My Lords, as requested, I have taken this forward with colleagues in BEIS and will have a reply imminently ready for the noble Lord. In relation to the operation of the scheme, the cost to the taxpayer is the face value of the vouchers. The administration costs of the scheme are borne in the arrangement between Edenred, the supplier, and the supermarkets themselves.

My Lords, we should always welcome a U-turn when it points the Government in the right direction, but will they fine-tune the navigation by ensuring that these vouchers can be used in local markets and shops, particularly with many local markets reopening, as here in Sheffield, with its Moor Market? That is the best possible source, and the cheapest, of a healthy diet of fresh fruit and vegetables. Also, small independent businesses that operate in the local community put money back into the community, rather than pumping even more government money into the hands of a few multinational companies.

My Lords, since last Friday over £150 million has been distributed through the food voucher scheme but, as I outlined, some schools already operate their own voucher schemes. They can claim back from the schools fund if they do not have funds in their existing resources to do that. The Government are not party to every system operating, but we hope that some of those systems operated individually by schools would be available to local suppliers. During the currency of the scheme, we have added two supermarkets to those eligible for it, which have the infrastructure to deliver it across all their stores.

My Lords, I congratulate the Government on this welcome decision to extend free school meals to children throughout the summer. Does my noble friend share my frustration that so much criticism has been levelled today, rather than a warm welcome of the fact that this extra money will help the 1.3 million children to receive a better meal during this time of crisis, when so many families are struggling?

Yes, my Lords, when the Government have listened and reviewed something it would be welcome if the focus could be on the children and what they will now receive as a result of the six-week food voucher that will be available to them over the summer holidays. We are guiding parents to the “Eat Well” resources that the NHS produces, while making it clear that these vouchers cannot be redeemed against alcohol, cigarettes or lottery tickets.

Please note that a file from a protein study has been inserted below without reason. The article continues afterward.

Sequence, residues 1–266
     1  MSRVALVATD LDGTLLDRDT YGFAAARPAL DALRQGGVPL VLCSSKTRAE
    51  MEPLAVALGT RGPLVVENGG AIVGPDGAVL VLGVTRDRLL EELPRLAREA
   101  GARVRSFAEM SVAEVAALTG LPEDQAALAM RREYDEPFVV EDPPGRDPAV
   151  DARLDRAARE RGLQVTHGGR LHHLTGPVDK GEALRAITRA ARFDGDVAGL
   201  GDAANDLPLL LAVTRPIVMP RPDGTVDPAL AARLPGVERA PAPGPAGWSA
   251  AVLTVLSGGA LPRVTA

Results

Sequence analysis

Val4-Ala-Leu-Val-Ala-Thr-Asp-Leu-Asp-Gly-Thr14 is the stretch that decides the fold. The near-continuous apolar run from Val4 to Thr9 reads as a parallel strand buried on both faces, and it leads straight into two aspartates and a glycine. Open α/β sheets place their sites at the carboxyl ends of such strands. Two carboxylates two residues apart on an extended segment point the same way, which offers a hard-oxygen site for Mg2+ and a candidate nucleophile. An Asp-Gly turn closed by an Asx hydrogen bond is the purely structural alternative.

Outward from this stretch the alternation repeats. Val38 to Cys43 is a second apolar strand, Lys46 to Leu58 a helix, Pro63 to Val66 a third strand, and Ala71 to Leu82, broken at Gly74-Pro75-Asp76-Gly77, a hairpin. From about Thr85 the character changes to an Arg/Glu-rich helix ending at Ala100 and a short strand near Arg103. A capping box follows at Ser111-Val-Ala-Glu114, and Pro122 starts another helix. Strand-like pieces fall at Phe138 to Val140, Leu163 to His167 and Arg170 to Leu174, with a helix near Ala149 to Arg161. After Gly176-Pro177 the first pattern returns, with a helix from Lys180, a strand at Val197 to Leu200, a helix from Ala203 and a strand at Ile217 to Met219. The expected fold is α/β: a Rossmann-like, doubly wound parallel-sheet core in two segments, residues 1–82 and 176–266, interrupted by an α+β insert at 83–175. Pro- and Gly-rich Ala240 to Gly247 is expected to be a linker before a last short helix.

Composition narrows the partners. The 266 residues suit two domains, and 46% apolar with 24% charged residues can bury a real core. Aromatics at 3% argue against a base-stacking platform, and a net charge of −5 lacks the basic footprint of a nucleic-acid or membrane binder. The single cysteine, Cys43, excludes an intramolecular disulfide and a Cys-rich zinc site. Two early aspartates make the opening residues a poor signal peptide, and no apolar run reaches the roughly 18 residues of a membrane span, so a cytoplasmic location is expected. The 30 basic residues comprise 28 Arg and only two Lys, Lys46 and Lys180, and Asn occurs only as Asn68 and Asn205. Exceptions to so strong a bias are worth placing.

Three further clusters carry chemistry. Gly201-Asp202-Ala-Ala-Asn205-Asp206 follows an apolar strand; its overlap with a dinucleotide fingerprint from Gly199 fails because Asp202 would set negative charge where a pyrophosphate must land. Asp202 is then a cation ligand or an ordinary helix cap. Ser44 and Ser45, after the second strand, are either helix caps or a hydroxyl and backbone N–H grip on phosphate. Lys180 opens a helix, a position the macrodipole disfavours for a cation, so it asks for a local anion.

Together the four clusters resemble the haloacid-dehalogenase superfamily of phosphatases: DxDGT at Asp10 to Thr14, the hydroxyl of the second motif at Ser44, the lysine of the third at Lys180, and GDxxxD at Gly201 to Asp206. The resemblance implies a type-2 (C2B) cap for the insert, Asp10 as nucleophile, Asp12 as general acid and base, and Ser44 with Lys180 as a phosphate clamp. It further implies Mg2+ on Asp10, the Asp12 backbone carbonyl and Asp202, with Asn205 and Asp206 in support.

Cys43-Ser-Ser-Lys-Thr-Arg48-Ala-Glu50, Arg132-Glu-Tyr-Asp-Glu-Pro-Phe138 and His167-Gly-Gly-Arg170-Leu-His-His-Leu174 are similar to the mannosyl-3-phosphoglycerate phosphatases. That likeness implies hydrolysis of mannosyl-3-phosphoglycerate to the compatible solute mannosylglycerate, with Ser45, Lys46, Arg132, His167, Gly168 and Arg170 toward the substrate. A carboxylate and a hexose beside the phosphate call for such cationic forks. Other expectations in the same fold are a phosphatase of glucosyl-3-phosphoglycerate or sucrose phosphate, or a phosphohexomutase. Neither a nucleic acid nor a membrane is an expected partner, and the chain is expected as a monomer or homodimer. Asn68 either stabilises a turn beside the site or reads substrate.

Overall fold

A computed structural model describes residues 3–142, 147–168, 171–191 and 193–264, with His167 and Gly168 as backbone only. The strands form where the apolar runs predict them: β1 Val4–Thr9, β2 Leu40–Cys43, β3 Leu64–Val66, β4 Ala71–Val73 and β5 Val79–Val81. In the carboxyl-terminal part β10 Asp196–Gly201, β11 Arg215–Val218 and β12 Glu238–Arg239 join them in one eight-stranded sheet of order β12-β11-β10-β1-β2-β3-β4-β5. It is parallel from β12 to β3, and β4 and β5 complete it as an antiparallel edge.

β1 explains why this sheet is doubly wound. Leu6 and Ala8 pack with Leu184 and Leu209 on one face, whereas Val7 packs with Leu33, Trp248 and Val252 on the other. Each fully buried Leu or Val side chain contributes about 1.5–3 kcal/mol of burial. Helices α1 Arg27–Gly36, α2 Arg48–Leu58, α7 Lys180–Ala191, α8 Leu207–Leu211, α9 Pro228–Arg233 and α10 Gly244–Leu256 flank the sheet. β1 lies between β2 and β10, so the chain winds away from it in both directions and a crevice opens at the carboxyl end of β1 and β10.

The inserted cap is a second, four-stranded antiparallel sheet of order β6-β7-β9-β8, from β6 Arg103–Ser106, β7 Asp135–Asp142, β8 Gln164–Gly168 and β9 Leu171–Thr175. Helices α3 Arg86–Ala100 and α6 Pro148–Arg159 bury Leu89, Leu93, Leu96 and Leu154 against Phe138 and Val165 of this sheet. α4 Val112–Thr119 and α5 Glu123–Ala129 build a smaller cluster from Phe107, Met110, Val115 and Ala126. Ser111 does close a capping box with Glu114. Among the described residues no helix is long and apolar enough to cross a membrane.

My Lords, I declare my interest as president of the Children First Alliance. Hunger and extreme poverty have disastrous consequences for children, as we know, and several models demonstrate that children’s needs can be achieved rapidly and cost-effectively through schools and local authorities. Should not the Government now entrench these models in legislation, together with Cabinet-level representation for children?

My Lords, there are many cross-government meetings and initiatives to ensure that children’s situation is in the sight of the Ministers who need to have it. That is why, during the crisis, we have also made £3.2 billion of funding available to local authorities. On the ground, it is often the local authorities that are aware of the acute needs of their communities.

My Lords, the Secretary of State said yesterday, “We will ensure that no child will go hungry”, yet thousands of children subject to the “no recourse to public funds” rule will still go hungry, either because they are not covered by its recent welcome easing or because of confusion of the ground over which children subject to the rule are now eligible for free meals. Can the Minister please undertake to look into this and get back to me?

My Lords, it is correct that the Government have temporarily extended free school meal eligibility to some groups of children where there is no recourse to public funds, particularly the children of Zambrano carers, where the parent may not be a British citizen but the child is. As I understand it, we have issued guidance on what documentation may be used to establish membership of these groups. I will get back to the noble Baroness with any further detail on that, but there has been a welcome easing of those restrictions, bearing in mind the current crisis.

I very much welcome the Government’s U-turn on this issue but, as the Minister will recognise, producing seven meals a week on £15 is extremely difficult. I am pretty certain that I could not do it. Is there anything that the Government might do to encourage a competition among families in receipt of vouchers to produce menus that are nourishing, attractive and not too difficult? Perhaps she might also encourage the media to set up a Marcus Rashford prize for the best set of seven menus.

My Lords, as I have outlined, because families cannot buy at the scale that schools can to provide free school meals, the vouchers are at £15 to provide lunches rather than the £11.50 normally allocated to schools. There is an NHS “Eat Well” guide, which we encourage parents to look at; there are also, of course, the school food standards and the Change4Life healthy eating recipes. There are resources out there for parents to look at for a healthy diet. In addition, in 2016 we began the child obesity strategy to ensure that children are eating a healthier diet.

My Lords, the Minister says, rightly, that the focus should be on the children. Can she please explain to the House how that was reflected in the decision that the Government took and stood by—until Marcus Rashford intervened—that they would not extend the scheme through the holiday?

My Lords, as noble Lords will be aware, the free school meals system has normally operated only in term time, except for the holiday activity clubs, which, as I outlined, also include food. We are living in unprecedented times for everyone, including hard-pressed families, and I am delighted that the Government have announced this provision. Ordinarily, however, the provision of free school meals is during term time and not the holidays. This is a Covid school food fund.